He is a sincere, well-intentioned, though occasionally cranky, old farmer. These accusations can be blamed on Abigail Williams' affair with John Proctor, the secret grudges that neighbors hold against each other, and the physical and economic differences between the citizens of Salem Village. Think on it now, it's a deep thing, and dark as a pit. Because he is a character with such high moral standards regarding everything he does, he sees the flaws and falsities of the witch trials and changes from naively believing completely in witchcraft, to losing all faith in the religion of Salem and deciding that earthly life is superlative and worth lying for. When he realizes what he has caused to happen, Giles is overcome by guilt and grief.
It is not recommended to submit free essays or any of their parts for credit at your school as these are easily detected by plagiarism checkers. Giles Corey Giles is a noble character in the play. Refusing to give up his personal integrity, Proctor prefers to die with dignity than to confess to witchcraft. In one instance, Giles is embedded in an argument with Thomas Putnam about land that he believes rightfully belongs to John Proctor. Elizabeth Proctor The wife of John Proctor, Elizabeth shares with John a similarly strict adherence to justice and moral principles She is a woman who has great confidence in her own morality and in the ability of a person to maintain a sense of righteousness, both internal and external, even when this principle conflicts with strict Christian doctrine. She believed that she was the She is not strong enough to fight Abigail and as soon as Abigail leads the other girls against her, Mary caves and runs back to her side by accusing Proctor himself. Giles Corey is an outspoken member of Salem Village, which can sometimes get himself and others into trouble.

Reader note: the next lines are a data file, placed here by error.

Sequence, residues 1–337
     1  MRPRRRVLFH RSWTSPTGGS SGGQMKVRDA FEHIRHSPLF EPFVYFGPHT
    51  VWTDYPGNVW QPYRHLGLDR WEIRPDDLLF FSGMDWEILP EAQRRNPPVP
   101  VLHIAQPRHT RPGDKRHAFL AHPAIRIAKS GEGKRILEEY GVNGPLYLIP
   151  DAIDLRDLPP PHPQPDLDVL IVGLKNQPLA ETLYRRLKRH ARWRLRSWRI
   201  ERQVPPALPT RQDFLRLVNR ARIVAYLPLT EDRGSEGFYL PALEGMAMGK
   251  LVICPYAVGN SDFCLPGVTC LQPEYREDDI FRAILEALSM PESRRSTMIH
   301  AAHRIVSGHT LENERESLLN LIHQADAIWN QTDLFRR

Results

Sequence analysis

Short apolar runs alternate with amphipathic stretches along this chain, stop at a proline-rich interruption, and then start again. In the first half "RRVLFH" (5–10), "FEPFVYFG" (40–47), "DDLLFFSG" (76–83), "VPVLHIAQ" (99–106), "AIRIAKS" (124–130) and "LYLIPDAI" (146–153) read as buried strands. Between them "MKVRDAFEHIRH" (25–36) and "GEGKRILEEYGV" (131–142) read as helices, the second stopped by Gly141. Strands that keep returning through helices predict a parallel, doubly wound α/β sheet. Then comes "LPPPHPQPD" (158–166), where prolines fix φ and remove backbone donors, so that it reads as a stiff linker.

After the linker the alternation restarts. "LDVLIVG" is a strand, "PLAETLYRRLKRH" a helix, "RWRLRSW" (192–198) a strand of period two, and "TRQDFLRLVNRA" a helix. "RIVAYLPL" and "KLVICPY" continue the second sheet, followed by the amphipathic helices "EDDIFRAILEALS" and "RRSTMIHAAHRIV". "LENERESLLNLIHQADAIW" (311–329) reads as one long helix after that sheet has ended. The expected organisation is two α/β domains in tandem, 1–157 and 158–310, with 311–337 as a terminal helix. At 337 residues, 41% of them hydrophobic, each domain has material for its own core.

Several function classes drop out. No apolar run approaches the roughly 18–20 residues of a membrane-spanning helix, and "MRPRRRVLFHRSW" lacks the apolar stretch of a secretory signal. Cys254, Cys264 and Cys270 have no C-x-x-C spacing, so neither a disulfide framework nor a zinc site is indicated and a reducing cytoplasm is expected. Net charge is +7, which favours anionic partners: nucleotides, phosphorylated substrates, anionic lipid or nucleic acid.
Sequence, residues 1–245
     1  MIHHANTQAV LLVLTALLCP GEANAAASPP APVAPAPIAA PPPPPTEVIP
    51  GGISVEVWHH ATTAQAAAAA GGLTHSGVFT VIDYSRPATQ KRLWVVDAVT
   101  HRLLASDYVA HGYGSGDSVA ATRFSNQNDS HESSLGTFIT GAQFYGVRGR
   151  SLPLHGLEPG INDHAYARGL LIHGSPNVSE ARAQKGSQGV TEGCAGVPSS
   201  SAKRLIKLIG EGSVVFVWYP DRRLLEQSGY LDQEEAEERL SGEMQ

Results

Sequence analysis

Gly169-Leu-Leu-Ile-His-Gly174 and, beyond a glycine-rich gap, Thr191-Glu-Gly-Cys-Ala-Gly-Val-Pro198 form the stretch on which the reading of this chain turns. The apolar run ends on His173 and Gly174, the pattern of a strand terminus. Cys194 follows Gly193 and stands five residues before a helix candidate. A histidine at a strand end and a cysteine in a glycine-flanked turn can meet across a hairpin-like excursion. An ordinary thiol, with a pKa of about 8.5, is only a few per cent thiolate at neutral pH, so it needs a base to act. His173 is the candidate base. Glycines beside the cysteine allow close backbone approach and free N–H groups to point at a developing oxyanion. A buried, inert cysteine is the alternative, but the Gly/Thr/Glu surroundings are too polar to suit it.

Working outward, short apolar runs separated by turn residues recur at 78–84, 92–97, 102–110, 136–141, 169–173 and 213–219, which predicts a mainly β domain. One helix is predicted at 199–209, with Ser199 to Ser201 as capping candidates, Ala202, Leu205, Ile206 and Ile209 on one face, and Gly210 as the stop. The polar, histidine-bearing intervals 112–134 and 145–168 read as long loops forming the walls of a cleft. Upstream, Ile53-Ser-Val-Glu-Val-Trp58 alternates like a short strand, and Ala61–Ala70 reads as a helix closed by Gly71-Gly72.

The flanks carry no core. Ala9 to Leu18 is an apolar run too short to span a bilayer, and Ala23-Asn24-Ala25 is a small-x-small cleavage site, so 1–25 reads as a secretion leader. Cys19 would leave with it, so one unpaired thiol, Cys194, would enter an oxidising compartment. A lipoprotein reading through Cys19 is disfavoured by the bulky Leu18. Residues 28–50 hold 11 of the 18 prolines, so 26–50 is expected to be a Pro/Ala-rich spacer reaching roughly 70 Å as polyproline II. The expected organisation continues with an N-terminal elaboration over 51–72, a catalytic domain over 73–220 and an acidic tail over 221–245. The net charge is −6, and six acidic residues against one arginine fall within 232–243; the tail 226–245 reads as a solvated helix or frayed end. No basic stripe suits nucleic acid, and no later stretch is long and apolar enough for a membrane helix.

Elizabeth is usually extremely honest and pure, but when she is being mistreated, she can be cold. The character I have chosen to be my subject of this essay is Reverend Hale. Corey is known to be on good terms with John Proctor and Francis Nurse. Reverend John Hale A scholar from Beverly, Reverend Hale comes to Salem on Reverend Parris' request to investigate supernatural causes for Betty Parris' suspicious illness and thus instigates the rumors of witchcraft. He is a stern yet practical man more interested in preserving the dignity and stature of the court than in executing justice or behaving with any sense of fairness.
She is a pliable girl whose actions are easily determined by others. Throughout the play, we see considerable character development in Giles Corey. Reverend Hale In Arthur Miller's, The Crucible, when characters are faced with adversity, they are forced to show their true morals and beliefs. Reverend Samuel Parris A weak, paranoid and suspicious demagogue, Parris instigates the witchcraft panic when he finds his daughter and niece dancing in the woods with several other girls. In many communities chaos derives because of vengeance which sparks mistrust, division, and conflict between people. Giles Corey An irascible and combative old resident of Salem, Giles Corey is a comic figure in The Crucible whose fate turns tragic when he unwittingly effects his wife's charge for witchcraft when he wonders aloud about the strange books she reads at night.